Authors: Danielle Meunier, MD and Gwen Clarke, MD, FRCPC
Date of publication: May 2020
Primary target audiences: Medical laboratory technologists (MLT) in a hospital laboratory, transfusion medicine physicians
Thrombocytopenia in a neonate is defined as a platelet count of less than 150 x 109/l and is considered severe if the platelet count falls below 50 x 109/l.1 Neonatal thrombocytopenia may be caused by decreased platelet production (often congenital), or more commonly, it is due to increased destruction/consumption of platelets caused by, for example, sepsis, medications, necrotizing enterocolitis, disseminated intravascular coagulation (DIC), placental insufficiency, and asphyxia. Increased platelet consumption can also be immune-mediated via FNAIT, or rarely by maternal immune/idiopathic thrombocytopenic purpura (ITP).2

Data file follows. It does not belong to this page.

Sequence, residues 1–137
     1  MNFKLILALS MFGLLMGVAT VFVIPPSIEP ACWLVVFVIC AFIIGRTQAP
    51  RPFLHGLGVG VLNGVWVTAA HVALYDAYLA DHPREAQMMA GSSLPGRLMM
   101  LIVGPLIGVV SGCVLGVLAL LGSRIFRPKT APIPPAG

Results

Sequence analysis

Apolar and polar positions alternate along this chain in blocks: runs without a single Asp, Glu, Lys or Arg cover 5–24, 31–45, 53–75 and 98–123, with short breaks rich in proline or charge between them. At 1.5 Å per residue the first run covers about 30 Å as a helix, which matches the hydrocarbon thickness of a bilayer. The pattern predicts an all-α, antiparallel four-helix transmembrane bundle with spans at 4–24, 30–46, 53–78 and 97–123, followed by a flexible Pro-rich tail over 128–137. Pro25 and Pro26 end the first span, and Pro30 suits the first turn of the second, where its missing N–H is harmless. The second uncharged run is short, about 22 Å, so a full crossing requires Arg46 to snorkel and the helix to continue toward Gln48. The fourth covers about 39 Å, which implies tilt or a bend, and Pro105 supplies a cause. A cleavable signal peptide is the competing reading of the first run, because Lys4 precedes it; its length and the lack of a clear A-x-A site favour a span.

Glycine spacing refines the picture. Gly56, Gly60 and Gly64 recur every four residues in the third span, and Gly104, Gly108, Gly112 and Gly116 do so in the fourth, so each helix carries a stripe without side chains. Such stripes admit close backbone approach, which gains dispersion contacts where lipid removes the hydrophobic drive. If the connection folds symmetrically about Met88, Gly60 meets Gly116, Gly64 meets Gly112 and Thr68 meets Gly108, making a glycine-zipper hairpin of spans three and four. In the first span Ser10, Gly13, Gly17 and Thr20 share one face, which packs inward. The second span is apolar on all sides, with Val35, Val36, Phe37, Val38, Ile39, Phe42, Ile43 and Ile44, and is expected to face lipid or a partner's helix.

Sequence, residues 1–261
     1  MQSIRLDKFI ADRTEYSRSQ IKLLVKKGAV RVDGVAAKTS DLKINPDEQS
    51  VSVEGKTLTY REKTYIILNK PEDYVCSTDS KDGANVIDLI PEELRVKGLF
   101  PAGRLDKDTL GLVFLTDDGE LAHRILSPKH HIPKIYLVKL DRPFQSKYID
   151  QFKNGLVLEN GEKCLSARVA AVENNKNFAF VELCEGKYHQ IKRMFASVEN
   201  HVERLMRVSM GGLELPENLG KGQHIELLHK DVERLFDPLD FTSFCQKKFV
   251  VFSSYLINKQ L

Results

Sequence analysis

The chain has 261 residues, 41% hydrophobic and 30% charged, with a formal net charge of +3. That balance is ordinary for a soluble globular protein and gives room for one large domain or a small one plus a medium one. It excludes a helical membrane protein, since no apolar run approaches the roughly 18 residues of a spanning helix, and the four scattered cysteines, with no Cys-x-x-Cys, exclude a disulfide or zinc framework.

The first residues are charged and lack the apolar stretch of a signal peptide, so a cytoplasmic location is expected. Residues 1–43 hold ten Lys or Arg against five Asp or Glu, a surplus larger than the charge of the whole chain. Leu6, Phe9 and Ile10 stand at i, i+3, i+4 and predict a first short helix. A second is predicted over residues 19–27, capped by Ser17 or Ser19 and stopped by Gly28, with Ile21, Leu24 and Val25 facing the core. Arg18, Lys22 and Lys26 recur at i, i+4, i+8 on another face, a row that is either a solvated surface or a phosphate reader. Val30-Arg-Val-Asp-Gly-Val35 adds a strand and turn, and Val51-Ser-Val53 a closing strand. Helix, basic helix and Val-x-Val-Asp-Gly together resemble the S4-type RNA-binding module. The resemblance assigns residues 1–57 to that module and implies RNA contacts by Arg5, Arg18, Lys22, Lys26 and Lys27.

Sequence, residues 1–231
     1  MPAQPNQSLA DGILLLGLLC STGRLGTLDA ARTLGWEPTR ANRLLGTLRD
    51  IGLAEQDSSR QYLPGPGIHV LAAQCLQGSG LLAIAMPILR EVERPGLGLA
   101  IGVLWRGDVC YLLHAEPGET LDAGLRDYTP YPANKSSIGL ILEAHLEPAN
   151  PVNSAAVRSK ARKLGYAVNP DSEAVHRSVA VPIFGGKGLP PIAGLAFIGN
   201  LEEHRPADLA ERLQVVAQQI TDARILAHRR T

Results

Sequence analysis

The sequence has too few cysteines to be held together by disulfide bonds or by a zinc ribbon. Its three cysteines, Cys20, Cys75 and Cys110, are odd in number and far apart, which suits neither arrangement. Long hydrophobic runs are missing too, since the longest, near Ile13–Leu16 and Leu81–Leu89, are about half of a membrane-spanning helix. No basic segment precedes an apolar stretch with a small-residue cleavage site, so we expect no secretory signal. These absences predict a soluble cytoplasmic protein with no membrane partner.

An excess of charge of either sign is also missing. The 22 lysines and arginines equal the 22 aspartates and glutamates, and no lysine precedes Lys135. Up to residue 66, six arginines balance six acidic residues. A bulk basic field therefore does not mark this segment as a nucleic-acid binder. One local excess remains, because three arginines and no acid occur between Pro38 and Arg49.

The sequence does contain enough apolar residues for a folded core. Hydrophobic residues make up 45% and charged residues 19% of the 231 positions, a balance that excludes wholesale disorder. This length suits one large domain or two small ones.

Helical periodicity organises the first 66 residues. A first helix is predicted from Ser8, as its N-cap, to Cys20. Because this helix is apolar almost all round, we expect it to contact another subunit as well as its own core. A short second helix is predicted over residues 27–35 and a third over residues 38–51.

Fetal and neonatal alloimmune thrombocytopenia is an uncommon but potentially serious complication of pregnancy caused by immune-mediated destruction of fetal platelets by maternal alloantibodies. It can occur any time there is an incompatibility between the fetal and maternal platelets from a paternally inherited antigen. FNAIT has an estimated incidence of 1 in 1,000 to 1 in 1,500 live births, however the true incidence is likely higher as it is often not considered in cases of miscarriage or intrauterine fetal demise.3-5 It is thought to be the most common cause of severe thrombocytopenia in otherwise healthy term neonates.6
The clinical presentation of FNAIT is highly variable and may include asymptomatic thrombocytopenia; mild bleeding in the form of petechiae, hematomas, small visceral bleeds, transient hematuria, or bloody stools; or severe bleeding, including major organ bleeds and ICH.1, 7, 8 Intracranial hemorrhage occurs in 10–25% of diagnosed FNAIT cases, with many cases being detected in utero in the late second and third trimesters.9 It is a feared complication of FNAIT as it may result in lifelong neurologic deficits or fetal/neonatal death.5